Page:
The phrase “pressure cooker” has been around for years and describes a tense situation. I just heard someone mention the phrase on a sports talk radio show today. It doesn’t have to reflect on the trajedy in Boston.

    So since someone used a pressure cooker to kill people. we are now going to eliminate that phrase from our vocabulary. I do not want to hold our language and mannerisms hostage to political correctness.

  35. avatar annonymouse says:

    RT – the exact quote is “the pressure cooker wouldn’t have exploded.”

    I don’t see how that cannot “reflect on” the tragedy in Boston. To use that phrase two days after the Boston terror is inappropriate and in very poor taste.

  36. avatar Richard Thomas says:

    Someone on Talk radio in Buffalo used it this AM in relation to the hockey season and there was no protest.

  37. avatar annonymouse says:

    So I guess that makes it OK, and less in bad taste, because someone on the radio said it. Whatever.

    It’s done with. Diane said it; she can’t be convinced that it was even one little bit inappropriate, and a number of you can’t see how using that analogy/metaphor THIS WEEK might be wrong and maybe even cold-hearted. So be it.

    Let’s move on.

  38. avatar ROBERT says:

    YES, PLEASE MOVE ON !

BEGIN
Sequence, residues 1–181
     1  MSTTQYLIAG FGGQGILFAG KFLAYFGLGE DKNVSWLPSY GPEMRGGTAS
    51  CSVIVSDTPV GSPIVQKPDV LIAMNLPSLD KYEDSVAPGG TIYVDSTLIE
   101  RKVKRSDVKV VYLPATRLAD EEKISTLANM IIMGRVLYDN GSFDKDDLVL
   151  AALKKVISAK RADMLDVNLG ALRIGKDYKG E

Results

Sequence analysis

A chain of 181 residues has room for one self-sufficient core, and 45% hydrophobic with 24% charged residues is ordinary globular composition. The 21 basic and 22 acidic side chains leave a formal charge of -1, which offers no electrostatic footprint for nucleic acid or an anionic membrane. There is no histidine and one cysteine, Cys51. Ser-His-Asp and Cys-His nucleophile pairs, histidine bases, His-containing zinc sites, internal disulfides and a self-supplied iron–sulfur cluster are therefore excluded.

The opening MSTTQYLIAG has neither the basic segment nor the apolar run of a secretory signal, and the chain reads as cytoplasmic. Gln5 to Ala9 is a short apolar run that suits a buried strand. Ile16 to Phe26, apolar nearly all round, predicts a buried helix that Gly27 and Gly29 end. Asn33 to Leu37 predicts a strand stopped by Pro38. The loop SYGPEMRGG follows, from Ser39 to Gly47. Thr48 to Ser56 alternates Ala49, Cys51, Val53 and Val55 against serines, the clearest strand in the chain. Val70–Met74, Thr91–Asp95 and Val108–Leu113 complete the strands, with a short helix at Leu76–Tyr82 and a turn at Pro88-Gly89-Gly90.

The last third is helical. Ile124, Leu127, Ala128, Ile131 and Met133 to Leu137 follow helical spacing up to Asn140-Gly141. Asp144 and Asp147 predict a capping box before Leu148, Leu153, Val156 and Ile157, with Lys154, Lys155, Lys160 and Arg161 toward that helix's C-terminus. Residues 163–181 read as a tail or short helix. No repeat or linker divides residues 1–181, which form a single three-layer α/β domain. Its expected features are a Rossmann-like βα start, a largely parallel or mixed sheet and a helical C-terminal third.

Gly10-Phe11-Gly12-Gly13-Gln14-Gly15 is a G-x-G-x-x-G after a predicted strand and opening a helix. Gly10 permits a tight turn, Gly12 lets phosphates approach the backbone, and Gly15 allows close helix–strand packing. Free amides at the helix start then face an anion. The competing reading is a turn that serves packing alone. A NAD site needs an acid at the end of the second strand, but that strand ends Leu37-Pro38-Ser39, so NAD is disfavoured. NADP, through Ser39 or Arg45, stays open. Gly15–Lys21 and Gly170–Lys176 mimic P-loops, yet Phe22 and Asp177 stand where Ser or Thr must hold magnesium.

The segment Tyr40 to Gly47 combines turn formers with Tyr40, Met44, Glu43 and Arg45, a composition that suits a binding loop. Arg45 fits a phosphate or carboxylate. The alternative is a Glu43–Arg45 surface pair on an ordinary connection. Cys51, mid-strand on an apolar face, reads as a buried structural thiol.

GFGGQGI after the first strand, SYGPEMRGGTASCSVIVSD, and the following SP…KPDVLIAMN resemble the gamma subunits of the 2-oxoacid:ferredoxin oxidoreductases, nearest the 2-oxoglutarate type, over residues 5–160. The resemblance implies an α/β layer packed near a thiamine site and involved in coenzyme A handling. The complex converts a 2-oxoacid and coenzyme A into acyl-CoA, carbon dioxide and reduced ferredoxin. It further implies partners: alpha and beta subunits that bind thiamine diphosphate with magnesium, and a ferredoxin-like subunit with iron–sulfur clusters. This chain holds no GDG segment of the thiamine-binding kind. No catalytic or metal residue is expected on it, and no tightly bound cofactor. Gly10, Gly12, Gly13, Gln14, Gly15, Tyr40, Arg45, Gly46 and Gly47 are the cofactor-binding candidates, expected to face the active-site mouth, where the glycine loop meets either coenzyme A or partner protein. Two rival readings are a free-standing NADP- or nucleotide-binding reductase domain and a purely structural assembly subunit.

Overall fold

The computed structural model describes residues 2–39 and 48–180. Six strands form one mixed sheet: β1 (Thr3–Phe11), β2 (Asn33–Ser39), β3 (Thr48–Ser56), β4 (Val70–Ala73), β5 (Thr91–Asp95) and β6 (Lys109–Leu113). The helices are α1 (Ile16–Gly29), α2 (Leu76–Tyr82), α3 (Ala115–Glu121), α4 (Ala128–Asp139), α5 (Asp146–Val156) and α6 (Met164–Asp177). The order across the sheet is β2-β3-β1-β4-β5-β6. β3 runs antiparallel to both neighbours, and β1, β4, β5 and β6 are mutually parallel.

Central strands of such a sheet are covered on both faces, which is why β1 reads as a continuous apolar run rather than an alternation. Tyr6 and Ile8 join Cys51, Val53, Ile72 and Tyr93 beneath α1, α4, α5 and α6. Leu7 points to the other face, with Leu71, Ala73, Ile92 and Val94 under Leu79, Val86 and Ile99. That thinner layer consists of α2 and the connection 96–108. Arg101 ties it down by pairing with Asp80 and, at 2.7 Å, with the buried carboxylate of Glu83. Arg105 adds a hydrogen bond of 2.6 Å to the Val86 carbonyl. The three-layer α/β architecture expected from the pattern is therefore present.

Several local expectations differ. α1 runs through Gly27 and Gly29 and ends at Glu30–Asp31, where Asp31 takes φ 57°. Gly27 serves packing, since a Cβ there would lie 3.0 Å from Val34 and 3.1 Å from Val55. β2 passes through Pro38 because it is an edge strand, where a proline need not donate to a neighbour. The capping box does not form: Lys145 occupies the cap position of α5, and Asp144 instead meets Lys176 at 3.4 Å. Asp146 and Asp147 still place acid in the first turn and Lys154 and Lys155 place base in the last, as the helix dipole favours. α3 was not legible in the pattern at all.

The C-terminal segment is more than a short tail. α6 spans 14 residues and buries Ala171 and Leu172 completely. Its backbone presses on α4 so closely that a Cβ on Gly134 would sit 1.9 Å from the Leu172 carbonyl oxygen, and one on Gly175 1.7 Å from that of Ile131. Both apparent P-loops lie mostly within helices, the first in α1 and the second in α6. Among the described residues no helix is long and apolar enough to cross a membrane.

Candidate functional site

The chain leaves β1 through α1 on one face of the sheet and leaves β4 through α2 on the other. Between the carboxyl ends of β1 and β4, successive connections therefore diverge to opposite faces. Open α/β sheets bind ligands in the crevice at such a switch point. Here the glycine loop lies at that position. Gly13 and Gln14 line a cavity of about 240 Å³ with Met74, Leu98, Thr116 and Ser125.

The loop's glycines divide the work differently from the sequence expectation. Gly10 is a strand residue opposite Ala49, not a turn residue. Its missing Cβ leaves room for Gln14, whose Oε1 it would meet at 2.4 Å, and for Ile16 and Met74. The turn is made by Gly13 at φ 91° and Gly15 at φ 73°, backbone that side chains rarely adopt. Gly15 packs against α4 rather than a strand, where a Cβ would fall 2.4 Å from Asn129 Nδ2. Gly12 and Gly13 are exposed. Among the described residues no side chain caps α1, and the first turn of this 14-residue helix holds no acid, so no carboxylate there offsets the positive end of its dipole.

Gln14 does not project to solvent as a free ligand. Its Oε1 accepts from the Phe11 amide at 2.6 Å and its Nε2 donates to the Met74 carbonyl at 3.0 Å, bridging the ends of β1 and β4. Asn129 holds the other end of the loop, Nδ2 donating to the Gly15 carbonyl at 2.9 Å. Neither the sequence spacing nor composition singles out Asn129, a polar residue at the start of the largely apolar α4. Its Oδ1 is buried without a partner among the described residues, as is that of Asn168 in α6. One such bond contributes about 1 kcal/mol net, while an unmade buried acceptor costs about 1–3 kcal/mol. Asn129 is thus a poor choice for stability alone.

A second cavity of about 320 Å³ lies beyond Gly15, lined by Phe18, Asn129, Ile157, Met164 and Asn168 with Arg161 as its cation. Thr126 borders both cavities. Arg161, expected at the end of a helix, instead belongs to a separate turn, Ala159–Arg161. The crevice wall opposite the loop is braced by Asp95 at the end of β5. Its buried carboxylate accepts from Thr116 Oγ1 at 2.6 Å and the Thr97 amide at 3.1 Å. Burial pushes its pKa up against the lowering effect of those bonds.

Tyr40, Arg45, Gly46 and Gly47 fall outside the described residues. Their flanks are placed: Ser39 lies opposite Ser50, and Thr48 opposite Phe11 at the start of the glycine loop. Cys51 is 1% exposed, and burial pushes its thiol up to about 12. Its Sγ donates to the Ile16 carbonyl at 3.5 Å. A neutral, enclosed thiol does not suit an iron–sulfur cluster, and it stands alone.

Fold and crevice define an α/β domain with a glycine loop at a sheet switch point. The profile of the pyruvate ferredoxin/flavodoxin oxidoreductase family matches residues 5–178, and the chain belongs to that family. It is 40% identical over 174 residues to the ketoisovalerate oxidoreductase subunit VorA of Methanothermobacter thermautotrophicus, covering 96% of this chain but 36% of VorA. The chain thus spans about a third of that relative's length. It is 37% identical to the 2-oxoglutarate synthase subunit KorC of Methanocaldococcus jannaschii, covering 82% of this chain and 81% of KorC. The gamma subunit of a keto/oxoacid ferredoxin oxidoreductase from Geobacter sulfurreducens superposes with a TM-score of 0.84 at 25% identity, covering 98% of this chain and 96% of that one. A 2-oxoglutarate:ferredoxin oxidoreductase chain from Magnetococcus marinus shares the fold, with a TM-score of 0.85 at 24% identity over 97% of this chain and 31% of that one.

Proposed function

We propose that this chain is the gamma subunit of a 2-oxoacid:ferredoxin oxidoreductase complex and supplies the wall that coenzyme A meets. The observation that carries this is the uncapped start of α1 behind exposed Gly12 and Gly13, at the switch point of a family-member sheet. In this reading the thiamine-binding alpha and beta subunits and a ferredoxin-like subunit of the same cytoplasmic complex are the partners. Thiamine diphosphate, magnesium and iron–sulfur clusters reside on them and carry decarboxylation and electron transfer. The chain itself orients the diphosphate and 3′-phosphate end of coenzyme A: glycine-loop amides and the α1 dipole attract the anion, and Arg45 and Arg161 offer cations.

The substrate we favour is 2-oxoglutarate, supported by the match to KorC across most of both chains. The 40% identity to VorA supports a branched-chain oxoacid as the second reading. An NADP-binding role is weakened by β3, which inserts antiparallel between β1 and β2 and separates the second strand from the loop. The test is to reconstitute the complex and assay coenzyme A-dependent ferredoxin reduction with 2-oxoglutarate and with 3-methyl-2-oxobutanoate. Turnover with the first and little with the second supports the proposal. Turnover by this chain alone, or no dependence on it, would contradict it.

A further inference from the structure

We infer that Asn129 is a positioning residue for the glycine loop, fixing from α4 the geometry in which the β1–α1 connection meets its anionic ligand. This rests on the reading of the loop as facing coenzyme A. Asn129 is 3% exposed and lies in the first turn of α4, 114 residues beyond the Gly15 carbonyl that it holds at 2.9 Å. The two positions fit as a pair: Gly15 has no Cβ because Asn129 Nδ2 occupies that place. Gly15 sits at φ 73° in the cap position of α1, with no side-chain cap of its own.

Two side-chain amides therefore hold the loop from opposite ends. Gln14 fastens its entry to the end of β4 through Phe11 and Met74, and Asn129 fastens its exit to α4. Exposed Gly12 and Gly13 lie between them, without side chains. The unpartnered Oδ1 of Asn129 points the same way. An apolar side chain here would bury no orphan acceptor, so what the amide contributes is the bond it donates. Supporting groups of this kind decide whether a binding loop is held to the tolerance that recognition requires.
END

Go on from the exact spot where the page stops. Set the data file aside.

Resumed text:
39. avatar annonymouse says:

    To the site operators – you may want to give the news that Diane posted about now-former Father Alessio it’s own thread. That the former-father lobbied the Holy Father and his entreaty has been soundly rejected by the Holy See is truly wonderful news and deserves more notice than it’s been given.

  40. avatar eyeondor says:

    I for one, am extremely happy that none of these appointments include women “administrators” going into a parish. I have to say, it has been a terrible experience in the few months it has been at Our Mother of Sorrows. I have gone to mass very limitedly and I cannot believe the damage that has ensued. The holiness of the church has all but vanished. I have heard the rumor that Our Mother of Sorrows and Holy Name are going to “cluster.” It is rampant among my friends.

    We have a cottage in Canandaigua and I am SHOCKED that Father Mull is leaving Canandaigua.

    I would also like to comment on the “secondary conversation” in this. I used to believe that priest should be able to serve for more than 12 years, but I have been to mass so many times at Holy Cross and at St. Lawrence and have to say, it’s not healthy. The priests seemed to be worshiped, not our Lord. I find that very cultist and very scary.

  41. avatar Gretchen says:

    Diane,

    Glad you stuck to your guns. The ultra-sensitivity that is part and parcel of political correctness nowadays needs to be shot down as often as possible until it expires. 😉

    I read your statement about the pressure cooker and did not make a connection to the Boston bombings. Using those words as you did is more than common in descriptive language today.

    Additionally, having lived and worked in Boston for a number of years, I am very familiar with the place where the bombing took place, having walked, shopped and even lived right in that exact area. I’m saying it held a special horror to me because I’m so familiar with the area. And yet, I did not jump to a certain judgement like others did.

    Sorry to put my two cents in so late in the thread, but I felt this perspective might be helpful.

    God bless,

    Gretchen from SOP

  42. avatar JLo says: